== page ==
No, Donald Trump. The state of our union is not strong. You have demonized for three years the voters in 2016—a majority of all who turned out–who thought that anyone other than you would be an infinitely better choice. You have lied incessantly and knowingly in order to undermine the stability of facts and the possibility of truth. Remember when you admitted that you made up facts about the trade deficit with Canada in an official exchange with Prime Minister Justin Trudeau?
Richard Nixon, opined to television interviewer David Frost, “When the president does it, that means that it is not illegal.” You have gone further and tried to enshrine that untruth in the Constitution, asserting “Article II allows me to do whatever I want.” It doesn’t of course. It doesn’t liberate you to shoot someone on Fifth Avenue in broad daylight. You should not feel it encourages you to promote racist violence and countenance police brutality. It certainly does not permit you to invite foreign agencies to meddle in American elections on your behalf.
The State of the Union Address
The State of the Union address is the annual message required by Congress from the President. Originally it was a written report. In 1913, President Woodrow Wilson spoke directly to the assembled members of Congress. In modern times, certainly since I started watching the speeches in the around 1970, presidents have but the best spin on the previous year and the work they and their appointees and supporters in Congress have done. It is what one expects. I have frequently found their claims specious and dubious, but I have never before sat in my living room and screamed out “You lie!” Rep. Joe Wilson (R) of South Carolina did that to President Barak Obama on September 9, 2009, when Obama addressed a joint session to outline his proposal for reforming health care. I know shriek the same words in my mind every time Donald Trump speaks and tweets.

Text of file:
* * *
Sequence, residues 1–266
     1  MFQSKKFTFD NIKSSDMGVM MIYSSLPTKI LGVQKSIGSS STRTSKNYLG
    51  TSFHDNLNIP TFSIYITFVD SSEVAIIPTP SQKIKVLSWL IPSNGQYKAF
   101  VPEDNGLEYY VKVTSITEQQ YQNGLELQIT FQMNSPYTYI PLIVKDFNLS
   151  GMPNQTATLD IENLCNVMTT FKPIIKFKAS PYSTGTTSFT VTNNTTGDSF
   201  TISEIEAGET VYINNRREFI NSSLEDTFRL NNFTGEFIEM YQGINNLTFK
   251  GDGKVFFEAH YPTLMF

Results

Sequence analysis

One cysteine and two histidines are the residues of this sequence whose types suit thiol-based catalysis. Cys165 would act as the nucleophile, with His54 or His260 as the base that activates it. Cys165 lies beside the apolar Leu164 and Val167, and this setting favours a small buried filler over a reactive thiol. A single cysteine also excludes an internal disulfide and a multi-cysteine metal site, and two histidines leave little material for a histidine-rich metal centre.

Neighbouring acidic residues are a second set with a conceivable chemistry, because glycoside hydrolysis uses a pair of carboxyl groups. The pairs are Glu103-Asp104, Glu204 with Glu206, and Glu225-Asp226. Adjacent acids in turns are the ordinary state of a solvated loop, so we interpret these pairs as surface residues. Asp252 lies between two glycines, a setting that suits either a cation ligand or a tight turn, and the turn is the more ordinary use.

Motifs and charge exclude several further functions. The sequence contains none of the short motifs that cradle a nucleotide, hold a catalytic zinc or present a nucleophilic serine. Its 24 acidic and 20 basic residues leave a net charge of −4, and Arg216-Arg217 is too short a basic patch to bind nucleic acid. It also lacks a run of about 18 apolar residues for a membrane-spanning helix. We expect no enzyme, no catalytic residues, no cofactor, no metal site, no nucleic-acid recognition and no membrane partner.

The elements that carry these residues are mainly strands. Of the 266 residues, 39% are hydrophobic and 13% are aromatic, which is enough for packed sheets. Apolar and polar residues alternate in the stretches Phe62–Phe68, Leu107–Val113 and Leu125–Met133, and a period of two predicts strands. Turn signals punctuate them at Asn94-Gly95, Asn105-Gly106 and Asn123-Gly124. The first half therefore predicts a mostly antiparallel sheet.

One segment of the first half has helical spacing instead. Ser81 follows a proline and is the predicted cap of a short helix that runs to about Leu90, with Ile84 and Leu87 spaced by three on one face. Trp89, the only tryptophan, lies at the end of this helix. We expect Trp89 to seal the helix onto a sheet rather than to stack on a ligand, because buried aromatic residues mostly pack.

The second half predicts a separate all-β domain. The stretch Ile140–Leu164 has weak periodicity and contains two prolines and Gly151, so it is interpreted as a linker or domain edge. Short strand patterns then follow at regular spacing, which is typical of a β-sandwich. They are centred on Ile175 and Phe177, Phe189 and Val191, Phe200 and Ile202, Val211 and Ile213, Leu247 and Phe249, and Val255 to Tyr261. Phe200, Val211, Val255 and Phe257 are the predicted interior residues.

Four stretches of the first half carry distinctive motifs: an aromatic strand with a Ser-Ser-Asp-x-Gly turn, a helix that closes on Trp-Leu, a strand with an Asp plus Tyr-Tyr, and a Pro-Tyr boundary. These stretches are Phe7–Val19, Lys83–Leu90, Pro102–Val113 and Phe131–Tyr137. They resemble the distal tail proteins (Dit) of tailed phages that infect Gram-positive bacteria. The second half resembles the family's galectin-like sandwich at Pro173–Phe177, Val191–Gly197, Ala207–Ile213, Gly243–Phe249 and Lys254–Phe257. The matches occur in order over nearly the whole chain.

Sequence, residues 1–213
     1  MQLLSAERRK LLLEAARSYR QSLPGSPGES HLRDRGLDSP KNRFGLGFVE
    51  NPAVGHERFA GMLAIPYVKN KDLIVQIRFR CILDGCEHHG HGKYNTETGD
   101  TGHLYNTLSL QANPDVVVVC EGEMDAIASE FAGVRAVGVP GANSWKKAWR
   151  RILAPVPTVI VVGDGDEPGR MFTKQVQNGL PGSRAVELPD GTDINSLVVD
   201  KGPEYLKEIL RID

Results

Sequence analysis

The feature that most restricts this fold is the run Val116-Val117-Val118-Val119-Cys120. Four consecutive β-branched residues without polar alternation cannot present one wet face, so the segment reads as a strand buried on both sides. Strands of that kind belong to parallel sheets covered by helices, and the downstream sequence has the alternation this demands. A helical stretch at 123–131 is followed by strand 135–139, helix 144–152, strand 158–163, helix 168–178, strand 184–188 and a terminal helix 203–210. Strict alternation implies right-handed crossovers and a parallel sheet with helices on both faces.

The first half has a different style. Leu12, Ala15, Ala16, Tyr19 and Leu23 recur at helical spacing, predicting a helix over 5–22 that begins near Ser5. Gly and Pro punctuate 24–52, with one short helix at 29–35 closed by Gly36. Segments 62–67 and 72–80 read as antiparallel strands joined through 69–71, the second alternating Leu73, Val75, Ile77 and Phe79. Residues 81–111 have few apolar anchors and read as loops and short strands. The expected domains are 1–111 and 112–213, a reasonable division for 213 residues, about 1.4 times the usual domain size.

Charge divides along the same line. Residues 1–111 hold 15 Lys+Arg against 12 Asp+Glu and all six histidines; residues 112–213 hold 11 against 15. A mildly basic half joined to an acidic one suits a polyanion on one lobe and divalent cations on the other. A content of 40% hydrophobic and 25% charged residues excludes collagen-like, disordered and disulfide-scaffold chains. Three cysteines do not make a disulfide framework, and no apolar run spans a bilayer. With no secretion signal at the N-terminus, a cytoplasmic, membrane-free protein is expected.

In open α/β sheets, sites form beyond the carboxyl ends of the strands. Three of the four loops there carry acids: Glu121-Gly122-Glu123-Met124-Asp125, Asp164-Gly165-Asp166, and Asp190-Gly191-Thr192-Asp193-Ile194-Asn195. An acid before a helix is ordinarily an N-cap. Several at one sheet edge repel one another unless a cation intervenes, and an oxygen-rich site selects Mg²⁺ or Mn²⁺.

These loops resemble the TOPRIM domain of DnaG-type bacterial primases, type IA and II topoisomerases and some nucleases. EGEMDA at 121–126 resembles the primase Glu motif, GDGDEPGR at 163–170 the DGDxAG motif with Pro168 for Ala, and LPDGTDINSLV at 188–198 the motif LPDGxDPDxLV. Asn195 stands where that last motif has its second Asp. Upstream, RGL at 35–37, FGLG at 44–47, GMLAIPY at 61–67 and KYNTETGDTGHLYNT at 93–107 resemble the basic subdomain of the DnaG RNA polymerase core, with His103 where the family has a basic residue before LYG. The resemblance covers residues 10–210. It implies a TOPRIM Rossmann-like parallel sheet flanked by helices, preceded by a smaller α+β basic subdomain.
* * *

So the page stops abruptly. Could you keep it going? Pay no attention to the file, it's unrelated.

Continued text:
The Trumpian View
You, Donald Trump, see the SOTU address only as the bully pulpit that amplifies your lies. For whatever reason, members of the GOP continue to claim that your words can be believed and your basket of deplorables appears to truly believe that any and all of your utterances can and should be trusted.
Looking toward November 3, 2020
As I listen to the final speeches before the vote in the Senate leaves Trump in office, I have that sick feeling I had in 2016, long before the election. I am wrapped in that consuming darkness that befell me when the voice on Morning Edition on NPR announced that the Trump had indeed won the election. I hear myself saying “fuck, fuck, fuck fuck, fuck…” and knowing that despite my husband’s consolation that “it will be okay,” it would not be okay, and it hasn’t been okay. Or even just bad. It has been horrifically, unimaginably, devastatingly destructive to our country, to our social fabric, to our environmental health, our economic stability, and our faith in the decency and integrity of government itself. The Trump administration, both the official one and his covert surrogates operating in Saudi Arabia and Ukraine, have destroyed the international alliances that offered at least some possibility of a hopeful future.
All of this is making me sick at heart, worried that a poor voter turnout will drive a Republican victory in the electoral college and guarantee Trump coronation as “Dear Leader” or “Führer” or “President for Life.” Sick that the rule of law and the commitment of the Constitution to democratic ideals has been entombed by the GOP.